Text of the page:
Thursday, July 17, 2008

Red Sox make formidable repeat threat

Boston features hard-to-top rotation entering second half
By Tom Singer /

Baseball's recent World Series champions have had feet of clay. Their fall glory has faded into the ensuing summer's fall.

It should not come as a surprise that the Majors have not had a repeat Fall Classic winner since the New York Yankees wrapped up their three-peat in 2000.

After all, there hasn't even been a repeat World Series participant since those Yankees in 2000-01. And you can't win it if you're not in it.

Do the Boston Red Sox now have the "might" stuff? A few years after breaking the shackles of a since-forgotten 86-year curse, are the Sox poised to take their new identity to the next level? Will the Red Sox be able to make it two in a row?

Better question: Who is going to stop them?

There could be no answer to that. In a new age of big league parity, the Red Sox may be the least flawed team. They have versatile and talented players, a tunnel-visioned manager and an activist front office.

Can the Red Sox be kept out of the World Series?

By the Yankees? Not likely. This doesn't mean that it won't happen -- this is The Rivalry, and logic is always being defied -- only that it shouldn't happen.

By the Rays, perhaps past their expiration date? The Angels, Boston's proven postseason patsies? The imperfect White Sox or Twins? Even less likely.

Once back in the World Series, can they be kept from winning it? Especially now that they'd again have home-field advantage because of their league's fantastic win in a 15-inning Midsummer Classic -- the American League World Series team has not lost a home Game 7 since 1979, when the Orioles were vanquished by the Pirates, 4-1, at Memorial Stadium in Baltimore.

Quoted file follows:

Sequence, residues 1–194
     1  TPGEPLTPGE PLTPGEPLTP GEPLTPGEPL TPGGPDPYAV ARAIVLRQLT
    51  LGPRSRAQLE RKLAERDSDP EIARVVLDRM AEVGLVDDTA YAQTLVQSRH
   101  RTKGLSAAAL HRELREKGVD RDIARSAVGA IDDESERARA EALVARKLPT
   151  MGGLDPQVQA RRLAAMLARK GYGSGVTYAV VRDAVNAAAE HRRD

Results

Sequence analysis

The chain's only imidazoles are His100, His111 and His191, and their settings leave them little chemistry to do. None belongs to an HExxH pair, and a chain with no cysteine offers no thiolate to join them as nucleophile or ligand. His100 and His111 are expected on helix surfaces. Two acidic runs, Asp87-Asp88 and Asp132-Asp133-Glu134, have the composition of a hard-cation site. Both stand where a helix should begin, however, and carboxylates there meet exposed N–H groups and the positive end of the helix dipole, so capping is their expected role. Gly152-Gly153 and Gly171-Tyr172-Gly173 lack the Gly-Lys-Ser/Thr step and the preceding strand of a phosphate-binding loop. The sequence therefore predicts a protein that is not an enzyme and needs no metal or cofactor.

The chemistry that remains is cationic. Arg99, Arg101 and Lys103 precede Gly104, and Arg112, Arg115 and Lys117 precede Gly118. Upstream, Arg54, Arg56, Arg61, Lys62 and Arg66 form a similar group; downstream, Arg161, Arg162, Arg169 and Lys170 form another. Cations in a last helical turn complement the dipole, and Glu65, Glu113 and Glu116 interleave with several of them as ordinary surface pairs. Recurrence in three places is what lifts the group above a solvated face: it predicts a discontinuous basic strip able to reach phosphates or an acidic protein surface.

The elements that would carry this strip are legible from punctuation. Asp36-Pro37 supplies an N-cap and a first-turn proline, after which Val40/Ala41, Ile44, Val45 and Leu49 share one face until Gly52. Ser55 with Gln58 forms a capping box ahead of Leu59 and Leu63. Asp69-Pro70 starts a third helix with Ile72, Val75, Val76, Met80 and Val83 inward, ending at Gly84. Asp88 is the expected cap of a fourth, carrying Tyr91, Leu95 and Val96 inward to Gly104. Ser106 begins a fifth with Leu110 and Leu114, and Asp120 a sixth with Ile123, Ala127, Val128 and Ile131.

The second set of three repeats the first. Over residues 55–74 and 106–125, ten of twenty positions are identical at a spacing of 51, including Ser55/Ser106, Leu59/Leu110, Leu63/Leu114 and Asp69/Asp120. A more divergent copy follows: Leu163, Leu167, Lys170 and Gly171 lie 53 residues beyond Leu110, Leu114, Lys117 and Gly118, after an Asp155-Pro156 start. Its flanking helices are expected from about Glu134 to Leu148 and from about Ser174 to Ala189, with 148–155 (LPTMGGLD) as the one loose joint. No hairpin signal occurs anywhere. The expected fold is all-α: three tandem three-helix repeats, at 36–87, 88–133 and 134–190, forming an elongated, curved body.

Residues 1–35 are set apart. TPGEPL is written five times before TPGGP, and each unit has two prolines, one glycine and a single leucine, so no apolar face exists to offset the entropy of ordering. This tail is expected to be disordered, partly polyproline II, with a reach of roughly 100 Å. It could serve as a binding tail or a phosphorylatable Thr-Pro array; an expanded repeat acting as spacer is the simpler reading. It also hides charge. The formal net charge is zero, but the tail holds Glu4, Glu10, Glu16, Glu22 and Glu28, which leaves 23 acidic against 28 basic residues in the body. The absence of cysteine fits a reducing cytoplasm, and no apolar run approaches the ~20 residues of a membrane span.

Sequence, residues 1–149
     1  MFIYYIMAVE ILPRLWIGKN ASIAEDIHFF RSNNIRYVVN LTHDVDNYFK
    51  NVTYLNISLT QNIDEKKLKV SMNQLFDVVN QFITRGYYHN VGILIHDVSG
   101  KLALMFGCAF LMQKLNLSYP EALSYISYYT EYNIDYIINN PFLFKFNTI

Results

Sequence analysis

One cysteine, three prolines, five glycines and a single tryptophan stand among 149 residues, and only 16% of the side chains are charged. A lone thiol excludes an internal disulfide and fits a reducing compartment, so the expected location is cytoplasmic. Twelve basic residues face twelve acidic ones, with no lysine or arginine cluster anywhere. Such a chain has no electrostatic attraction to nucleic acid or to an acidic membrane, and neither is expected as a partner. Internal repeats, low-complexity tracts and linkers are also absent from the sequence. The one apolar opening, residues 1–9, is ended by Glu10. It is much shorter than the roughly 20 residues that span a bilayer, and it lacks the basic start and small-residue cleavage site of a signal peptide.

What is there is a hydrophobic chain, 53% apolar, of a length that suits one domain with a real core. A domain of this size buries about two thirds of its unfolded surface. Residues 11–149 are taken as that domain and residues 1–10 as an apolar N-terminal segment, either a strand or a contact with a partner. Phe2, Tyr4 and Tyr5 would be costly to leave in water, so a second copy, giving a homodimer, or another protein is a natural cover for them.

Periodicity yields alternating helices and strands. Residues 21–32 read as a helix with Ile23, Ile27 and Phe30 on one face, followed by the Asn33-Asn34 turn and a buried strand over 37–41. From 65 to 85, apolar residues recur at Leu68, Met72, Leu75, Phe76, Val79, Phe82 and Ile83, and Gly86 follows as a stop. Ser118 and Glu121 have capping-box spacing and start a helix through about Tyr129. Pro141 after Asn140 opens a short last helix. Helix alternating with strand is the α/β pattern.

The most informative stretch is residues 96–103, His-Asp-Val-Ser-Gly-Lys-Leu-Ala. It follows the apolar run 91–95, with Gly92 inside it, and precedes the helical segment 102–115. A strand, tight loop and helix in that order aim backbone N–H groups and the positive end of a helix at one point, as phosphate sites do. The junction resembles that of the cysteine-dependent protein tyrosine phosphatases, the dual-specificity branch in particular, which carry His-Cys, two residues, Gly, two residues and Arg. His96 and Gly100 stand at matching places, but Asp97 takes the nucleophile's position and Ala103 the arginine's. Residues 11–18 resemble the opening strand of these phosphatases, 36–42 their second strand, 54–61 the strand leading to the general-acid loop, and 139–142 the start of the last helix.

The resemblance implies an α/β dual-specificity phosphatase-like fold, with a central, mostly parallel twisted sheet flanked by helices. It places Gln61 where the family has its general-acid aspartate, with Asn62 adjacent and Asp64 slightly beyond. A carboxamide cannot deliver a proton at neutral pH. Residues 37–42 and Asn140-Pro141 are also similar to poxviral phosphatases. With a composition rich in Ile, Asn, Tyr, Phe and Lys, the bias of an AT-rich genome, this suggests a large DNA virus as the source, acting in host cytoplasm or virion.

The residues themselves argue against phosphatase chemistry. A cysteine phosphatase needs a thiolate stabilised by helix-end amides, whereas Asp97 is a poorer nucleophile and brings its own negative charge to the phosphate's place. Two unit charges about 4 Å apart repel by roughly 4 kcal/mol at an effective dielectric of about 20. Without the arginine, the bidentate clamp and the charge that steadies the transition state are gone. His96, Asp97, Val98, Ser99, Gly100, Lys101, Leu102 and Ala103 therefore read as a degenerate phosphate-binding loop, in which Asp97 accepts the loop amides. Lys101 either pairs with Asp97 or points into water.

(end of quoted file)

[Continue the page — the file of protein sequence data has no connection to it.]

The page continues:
The biggest challenge would come from the National League West, whose two probables are both built for short series. The D-backs (Brandon Webb, Dan Haren and the Randy Johnson of late) and Dodgers (Chad Billingsley, Derek Lowe and Hiroki Kuroda) have Big Three starters who can throw a blanket over a lineup.

A Classic foe from the Central wouldn't faze Boston. Milwaukee, whose CC Sabathia would love another crack at Boston after his ALCS experiences of last year with Cleveland, would pose a problem. And, of course, if the Cubs actually reached a World Series, a papal order might come down that they win it.

But first, of course, the National League representative would have to figure out a way to win a World Series game from the Red Sox, which has not happened since 1986, when the Mets took them in seven.

Beyond the fact that the Yankees are dealing with more injuries than is Boston, consider the teams' relative fortunes and depths in the one area that invariably is decisive, starting pitching: While the Red Sox ship out Clay Buchholz because there's no room in their rotation for the young upside righty, the Yankees bring in recycled veteran Sidney Ponson out of desperation.

"As well as we're going to pitch is how well our team is going to do," Boston captain Jason Varitek said.

Not to mention that now New York has got Boston mad. The Big Apple fans totally ignored All-Star protocol, which calls for suspending animosities in favor of league solidarity, by mistreating Red Sox players and staff for two days.